I'm also somewhat ashamed that Slackware decided to ship PulseAudio. I understand that having Bluetooth audio is somewhat relevant in current times, but honestly, how many of us have Bluetooth headsets or speakers? How many people running something as tech-savvy as Slackware need them?
Just my 5 cents :).
13 • RE: TOR (by me2 on 2016-01-18 09:59:24 GMT from Europe)
I have used Tor for a longtime. It fitted most of my needs, and what it did not I worked around. However, particularly this year, Tor is being ravaged by cloudflare. Tough luck to the site that uses cloudflare as I do not fill in the captcha, but move on to another site. But I have grown tired of that and am now using a vpn. Its easier.
14 • The_Onion_Relay_Tails_and_exception (by k on 2016-01-18 11:44:22 GMT from Europe)
Very timely poll about TOR usage. With Tails, TOR has worked every time, and -- with Tails -- it is so efficient even when TOR off other distro seems censored and blocked.
However, as wisely advised by hotdiggettydog, comment #2 above, avoid using it for online banking. Tails provides a ("unsafe") web browser, presumably for that option(?), which can be tested at https://check.torproject.org/.
15 • TOR (by jymm on 2016-01-18 12:27:47 GMT from North America)
TOR was to slow for any reasonable use for me. It reminded me of the early days of "dial up" modem connections.
16 • Kwort review (by Barnabyh on 2016-01-18 13:54:07 GMT from Europe)
There used to be a list of community provided repositories on the website. However, now looking at the page Packages it is blank which seems rather unfortunate for any new user interested in the distribution. Wonder if security concerns are behind this?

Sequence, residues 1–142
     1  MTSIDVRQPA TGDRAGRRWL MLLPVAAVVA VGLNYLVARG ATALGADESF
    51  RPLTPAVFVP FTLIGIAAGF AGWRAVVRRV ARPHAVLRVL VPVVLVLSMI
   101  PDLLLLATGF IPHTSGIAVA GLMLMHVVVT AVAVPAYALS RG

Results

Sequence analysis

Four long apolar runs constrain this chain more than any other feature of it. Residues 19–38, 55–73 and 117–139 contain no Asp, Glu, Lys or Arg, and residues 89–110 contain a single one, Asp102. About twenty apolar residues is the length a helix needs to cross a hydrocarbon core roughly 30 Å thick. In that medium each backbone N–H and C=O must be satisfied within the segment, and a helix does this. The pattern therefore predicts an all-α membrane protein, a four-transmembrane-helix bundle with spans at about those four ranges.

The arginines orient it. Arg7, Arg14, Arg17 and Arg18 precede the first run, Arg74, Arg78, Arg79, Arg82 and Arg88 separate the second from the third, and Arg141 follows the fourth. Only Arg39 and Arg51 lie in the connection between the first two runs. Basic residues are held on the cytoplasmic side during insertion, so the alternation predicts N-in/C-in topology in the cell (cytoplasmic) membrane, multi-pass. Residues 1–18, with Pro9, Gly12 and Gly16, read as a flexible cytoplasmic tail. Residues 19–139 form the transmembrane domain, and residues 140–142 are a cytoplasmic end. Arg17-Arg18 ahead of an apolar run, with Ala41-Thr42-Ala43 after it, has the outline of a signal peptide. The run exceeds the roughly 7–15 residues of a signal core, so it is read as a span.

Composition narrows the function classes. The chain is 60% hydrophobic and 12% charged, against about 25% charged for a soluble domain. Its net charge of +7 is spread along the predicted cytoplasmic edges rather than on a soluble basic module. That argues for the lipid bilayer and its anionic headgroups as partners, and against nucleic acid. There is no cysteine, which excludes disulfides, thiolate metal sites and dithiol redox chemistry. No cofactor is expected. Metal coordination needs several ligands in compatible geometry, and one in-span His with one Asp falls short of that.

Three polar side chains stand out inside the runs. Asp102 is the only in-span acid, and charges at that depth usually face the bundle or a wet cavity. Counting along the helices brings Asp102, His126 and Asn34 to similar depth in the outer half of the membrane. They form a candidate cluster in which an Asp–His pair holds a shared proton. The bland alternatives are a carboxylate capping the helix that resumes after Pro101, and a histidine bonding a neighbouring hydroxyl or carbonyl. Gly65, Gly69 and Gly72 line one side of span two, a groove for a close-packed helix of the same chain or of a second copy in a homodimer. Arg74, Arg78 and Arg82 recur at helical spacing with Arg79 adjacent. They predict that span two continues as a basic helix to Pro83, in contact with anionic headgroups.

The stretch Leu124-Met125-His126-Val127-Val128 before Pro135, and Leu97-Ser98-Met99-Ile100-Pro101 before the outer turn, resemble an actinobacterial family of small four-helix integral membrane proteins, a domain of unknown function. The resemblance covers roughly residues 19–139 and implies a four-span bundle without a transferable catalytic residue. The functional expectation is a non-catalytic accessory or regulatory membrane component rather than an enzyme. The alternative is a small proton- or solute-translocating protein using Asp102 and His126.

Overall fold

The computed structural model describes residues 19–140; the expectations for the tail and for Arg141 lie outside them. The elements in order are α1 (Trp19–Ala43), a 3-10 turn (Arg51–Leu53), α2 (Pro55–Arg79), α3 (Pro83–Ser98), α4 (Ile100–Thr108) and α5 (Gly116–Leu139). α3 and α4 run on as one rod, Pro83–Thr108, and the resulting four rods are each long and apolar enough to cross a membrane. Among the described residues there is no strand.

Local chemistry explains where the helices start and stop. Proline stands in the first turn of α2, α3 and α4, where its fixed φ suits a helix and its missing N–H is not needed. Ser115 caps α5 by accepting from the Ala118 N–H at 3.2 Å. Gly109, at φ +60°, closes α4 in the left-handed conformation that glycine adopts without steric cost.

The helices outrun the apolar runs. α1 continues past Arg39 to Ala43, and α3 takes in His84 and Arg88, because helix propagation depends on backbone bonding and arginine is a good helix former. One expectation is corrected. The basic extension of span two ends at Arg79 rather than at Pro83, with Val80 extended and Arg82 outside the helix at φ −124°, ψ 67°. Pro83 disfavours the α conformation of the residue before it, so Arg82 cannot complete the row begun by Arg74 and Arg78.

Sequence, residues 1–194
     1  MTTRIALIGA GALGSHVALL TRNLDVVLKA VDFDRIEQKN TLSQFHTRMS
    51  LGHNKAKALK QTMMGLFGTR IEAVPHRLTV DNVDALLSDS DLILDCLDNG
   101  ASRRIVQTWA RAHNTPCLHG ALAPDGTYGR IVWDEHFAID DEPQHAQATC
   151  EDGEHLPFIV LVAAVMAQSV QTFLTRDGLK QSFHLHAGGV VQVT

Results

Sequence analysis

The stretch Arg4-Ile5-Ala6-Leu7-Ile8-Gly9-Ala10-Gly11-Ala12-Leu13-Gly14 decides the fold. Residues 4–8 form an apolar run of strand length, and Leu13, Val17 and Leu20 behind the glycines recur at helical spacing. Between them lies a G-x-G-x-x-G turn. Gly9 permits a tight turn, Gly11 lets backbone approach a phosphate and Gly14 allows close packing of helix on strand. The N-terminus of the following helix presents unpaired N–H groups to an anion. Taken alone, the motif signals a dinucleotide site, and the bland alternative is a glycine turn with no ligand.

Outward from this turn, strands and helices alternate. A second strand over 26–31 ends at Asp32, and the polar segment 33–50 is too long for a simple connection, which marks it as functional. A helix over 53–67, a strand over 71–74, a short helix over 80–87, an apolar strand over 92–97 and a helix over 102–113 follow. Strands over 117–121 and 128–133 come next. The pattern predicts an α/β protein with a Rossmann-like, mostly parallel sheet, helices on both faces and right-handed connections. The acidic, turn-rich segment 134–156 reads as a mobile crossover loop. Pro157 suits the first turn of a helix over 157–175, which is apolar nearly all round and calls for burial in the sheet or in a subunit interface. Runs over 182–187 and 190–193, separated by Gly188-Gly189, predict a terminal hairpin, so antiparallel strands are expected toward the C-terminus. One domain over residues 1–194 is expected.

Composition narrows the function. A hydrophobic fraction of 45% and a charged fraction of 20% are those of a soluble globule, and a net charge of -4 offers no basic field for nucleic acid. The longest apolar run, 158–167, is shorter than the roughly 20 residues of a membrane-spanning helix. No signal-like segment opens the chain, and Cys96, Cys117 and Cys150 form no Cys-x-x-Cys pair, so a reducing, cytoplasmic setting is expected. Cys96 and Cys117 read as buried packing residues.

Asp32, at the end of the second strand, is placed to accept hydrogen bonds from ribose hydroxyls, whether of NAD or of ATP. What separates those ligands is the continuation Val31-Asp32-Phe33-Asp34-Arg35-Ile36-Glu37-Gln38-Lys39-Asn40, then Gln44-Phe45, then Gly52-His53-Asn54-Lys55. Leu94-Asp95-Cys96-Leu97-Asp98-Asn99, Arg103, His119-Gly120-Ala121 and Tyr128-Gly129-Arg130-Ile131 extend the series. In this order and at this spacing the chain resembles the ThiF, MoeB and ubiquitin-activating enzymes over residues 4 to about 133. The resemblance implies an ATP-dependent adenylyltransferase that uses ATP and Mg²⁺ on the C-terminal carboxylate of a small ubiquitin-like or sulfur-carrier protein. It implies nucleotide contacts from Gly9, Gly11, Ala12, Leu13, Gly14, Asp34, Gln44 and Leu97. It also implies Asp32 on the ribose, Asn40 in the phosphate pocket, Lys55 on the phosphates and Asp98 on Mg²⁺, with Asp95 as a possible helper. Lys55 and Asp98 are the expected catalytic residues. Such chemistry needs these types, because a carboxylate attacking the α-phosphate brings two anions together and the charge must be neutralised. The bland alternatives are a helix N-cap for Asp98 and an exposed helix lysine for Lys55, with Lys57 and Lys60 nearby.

17 • Using Tor? Why, yes! (by tom joad on 2016-01-18 13:55:59 GMT from Europe)
I don't use Tor all the time but I do use it alot.
The more I read about the NSA and Snowden, etc, the more I am interested in protecting myself. The more "they" are determined to pry the more I am determined to protect myself.
Personally, that is plain, old common sense right out of the Fourth Amendment.
Furthermore, I increasingly us Tails which piggy backs on Tor.
Both Tor and Tails are quite stable.
Linux and Linux developers have a potentially major role to play in online security. Linux itself is extremely suited to that. If only more OS's and apps were developed along the with an aim toward online security the better. At present there are too few in that niche.
New Ideas, concepts and competition is good.
18 • Tor (by MrOats on 2016-01-18 14:10:58 GMT from North America)
Unfortunately, Tor is blocked on some networks that then automatically blocks you from the network if detected. Tails was my final hope in overcoming that, but it did not work.
19 • remix os (by peer on 2016-01-18 14:24:53 GMT from Europe)
new Remix os looks promising. It is based on android -x86.
I have android-x86 on my EEE pc and I wanted to try Remix OS.
After downloading and installing it would not run on my EEE. It complainted that my pc was not 64 bit.
Then I tried to start Remix OS on my normal computer. Now it took ages to start. After about ten minutes I stopped it.
Perhaps it will perform better in the future.
So now I am still a happy user of android-x86 on my EEE.
20 • Ubuntu (by Solar Bay on 2016-01-18 15:01:34 GMT from North America)
Ubuntu Linux beats IBM and Microsoft Azure to lucrative AT&T contract
Telecoms firm goes open source
By Chris Merriman
Mon Jan 18 2016, 13:58
Ubuntu Linux beats IBM and Microsoft Azure to lucrative AT&T contract
Linux penguinAMERICA'S SECOND biggest telecoms company has announced that it is switching to Ubuntu for its infrastructure.
AT&T, which has been around in its current form since 2005, has selected Canonical, the company behind the Ubuntu Linux operating system, "to be part of an effort to drive innovation in the network and cloud", beating rivals such as Microsoft Azure and IBM to the punch.
21 • Tor poll (by Roy Davies on 2016-01-18 15:07:56 GMT from Europe)
If the option, 'I have tried Tor, but saw no advantage in using it' had been offered, I would have voted for that option. As it is I am one of the minority.